Existence Equals Essence.

This post was inspired by a comment on Wikipedia, which in turn I wouldn’t have read if it wasn’t for the Why Nietzsche? thread. That comment says:

[size=95]Logical positivists, such as Carnap and Ayer, say Existentialists frequently are confused about the verb “to be” in their analyses of “being”. They argue that the verb is transitive, and pre-fixed to a predicate (e.g., an apple is red): without a predicate, the word is meaningless.
I think this is grammatically incorrect. I have some pretty radical ideas about Indo-European grammar, one of which is this: In the phrase “an apple is red”, “red” is technically an adjective; thus “an apple is red” is technically the same as “a red apple is”. I say “to be” technically always means “to exist”.

In statements like “I am a man”, “to be” is often taken to mean “to be equal to”, like the mathematical symbol “=”. But “=” never means simply “is”, but always “is equal to”.

X = Y
X is equal to Y

The word “equal”, like the word “red” in the statement above, is an adjective.

an apple is equal
an equal apple exists

X is equal to Y
an equal-to-Y X exists

This last statement may sound awkward; feel free to rephrase it as “an X that equals Y exists”.

(1) “a red apple is”

does not mean the same thing as

(2) “an apple is red”

saying (1) is to place the emphasis on the existence of the apple, which also happens to be red, while saying (2) is to place the emphasis on the existence of the redness, which also happens to be the property of an apple

but ultimately, i think the shift in emphasis merely demonstrates your bigger point, which is that “is”, as “to be”, can have meaning independent of the predicate

one of the problems of the logical positivists was their failure to realize that the meaning of statements lies fundamentally and ultimately in the presuppositions with which they are expressed (“is” as “to be” is an activity , which is a thing with independent meaning) rather than in any literal translation of the words themselves (wherein “is” must be attached to a predicate to express anything)

Irrelevant; one might just as well say “a red apple is”.

No, because that would result in a dual emphasis on the existence of both the apple and the fact of its redness.

Emphasis is almost never irrelevant to meaning, at least in English. You can emphasize by playing with the order of the words and/or by placing verbal oomph on a particular word - doing both results in a different meaning than just doing one or the other.

for instance:

“That guy stole my bike” vs. “That guy stole my bike” vs. “That’s the guy who stole my bike” vs. “That’s the guy who stole my bike”

also notice the role the contracted “is” plays in the latter two statements = existence equals essence indeed

That’s only because you’re not used to the use of “to be” as a non-auxiliary verb.

a red apple exists

Meaning has nothing to do with grammar. Or, in other words, the meaning a sentence expresses grammatically does not need to coincide completely with the meaning intended by the speaker.

the Romans have burned the city
the Romans have the burned city

Grammatically, these two statements say the exact same thing; however, from the first sentence it’s quite obvious that the speaker is concerned with the city’s being burned (the city’s being burned or the city’s being burned; in any case, the combination of the city with flames),—not with the fact that the Romans possess the burned city (that the Romans possess it, or that the Romans possess it). The second statement, on the other hand, rather suggests a concern with the latter.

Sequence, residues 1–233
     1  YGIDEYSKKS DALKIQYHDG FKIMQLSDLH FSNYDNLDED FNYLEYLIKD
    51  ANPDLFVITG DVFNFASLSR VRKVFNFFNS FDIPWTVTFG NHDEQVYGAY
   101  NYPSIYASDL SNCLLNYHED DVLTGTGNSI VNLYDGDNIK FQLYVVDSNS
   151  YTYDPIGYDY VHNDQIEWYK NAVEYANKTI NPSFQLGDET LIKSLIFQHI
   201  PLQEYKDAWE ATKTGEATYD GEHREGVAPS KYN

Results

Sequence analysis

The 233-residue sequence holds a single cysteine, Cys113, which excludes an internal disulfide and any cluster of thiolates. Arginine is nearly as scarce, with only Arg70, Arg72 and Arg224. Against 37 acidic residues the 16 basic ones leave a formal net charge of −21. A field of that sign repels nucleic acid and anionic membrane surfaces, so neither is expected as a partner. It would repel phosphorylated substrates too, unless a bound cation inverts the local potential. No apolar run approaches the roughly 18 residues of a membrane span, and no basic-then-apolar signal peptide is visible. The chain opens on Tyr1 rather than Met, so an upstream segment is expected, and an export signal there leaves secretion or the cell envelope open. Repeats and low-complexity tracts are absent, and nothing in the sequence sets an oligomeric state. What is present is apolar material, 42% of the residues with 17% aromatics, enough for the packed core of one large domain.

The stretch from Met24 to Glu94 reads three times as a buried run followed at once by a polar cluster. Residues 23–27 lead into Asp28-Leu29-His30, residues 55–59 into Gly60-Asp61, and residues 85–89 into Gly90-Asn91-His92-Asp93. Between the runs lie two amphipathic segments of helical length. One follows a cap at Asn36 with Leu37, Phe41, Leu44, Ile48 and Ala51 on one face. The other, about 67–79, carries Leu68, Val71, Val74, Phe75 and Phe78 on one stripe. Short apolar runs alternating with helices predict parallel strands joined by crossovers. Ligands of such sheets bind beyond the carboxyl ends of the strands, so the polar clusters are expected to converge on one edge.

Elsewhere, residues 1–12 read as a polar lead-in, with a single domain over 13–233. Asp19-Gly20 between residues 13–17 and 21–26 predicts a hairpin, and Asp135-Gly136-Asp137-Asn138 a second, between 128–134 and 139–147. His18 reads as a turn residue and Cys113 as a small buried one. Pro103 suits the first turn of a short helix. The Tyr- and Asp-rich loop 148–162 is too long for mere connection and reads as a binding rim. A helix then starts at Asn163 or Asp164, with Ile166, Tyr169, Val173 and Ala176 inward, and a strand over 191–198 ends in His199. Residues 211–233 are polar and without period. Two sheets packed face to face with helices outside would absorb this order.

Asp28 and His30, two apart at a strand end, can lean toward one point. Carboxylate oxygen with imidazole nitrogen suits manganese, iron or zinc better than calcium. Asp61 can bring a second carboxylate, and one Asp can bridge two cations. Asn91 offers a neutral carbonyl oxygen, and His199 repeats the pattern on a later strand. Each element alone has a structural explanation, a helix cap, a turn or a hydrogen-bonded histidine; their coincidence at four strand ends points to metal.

You know “to exist” is not cognate with “is”, right? Anyway, “that’s the guy who stole my bike” technically says there is a being, i.e., an existent exists, which equals both the guy who stole my bike and that.

as you just said, “to exist” is not cognate with “is” - you’re changing the emphasis and therefore the meaning by changing the word

i wouldn’t say it has NOTHING to do with grammer, but i take your point - conflating meaning and grammer is what led to the positivist critique you challenge in the OP

not entirely clear on what you’re getting at, here . . .

“Cognate” is an etymological term, not a lexical-semantic one. I’ve been saying all along that “a red apple is” means “a red apple exists”.

I’m saying that “is” in “that is the guy” etc. technically means “exists”, as it always does.

Let me put it differently. “Is” in “that is the guy” is short for “is equal to”.

that [being/existent] is equal to the guy who stole my bike
that equal-to-the-guy-who-stole-my-bike [being/existent] is/exists

I’m not sure about English, but in my native language, the “=” sign is often pronounced simply as “is” rather than as “is equal to”. (Please confirm whether this is so in English.) I think this development (dropping the “equal to” part for convenience’s sake) reflects the development of the s-root of “to be” from “existence” to “equality”: see http://www.etymonline.com/index.php?term=am.

How so?

The problem you are running into is the sentence structure that has been adopted, and not the terms used in the structure.

For instance, the proper statement of “the apple is red” is really, “the apple has the properties of color that are from the color spectrum of red”

This is shorthanded to “the apple is red”.
The problem is that the subject of what equals red is being dropped down to an extreme shorthand that includes with it, all properties that the apple has as the word, “apple”.
This is technically not true.

The apple is an apple, and each property of the apple is gained from another element that already exists.
It is the combination of all of the properties together that create the apple as it is sensed.

The missing element is the word, “color”, as color is what owns the property of red.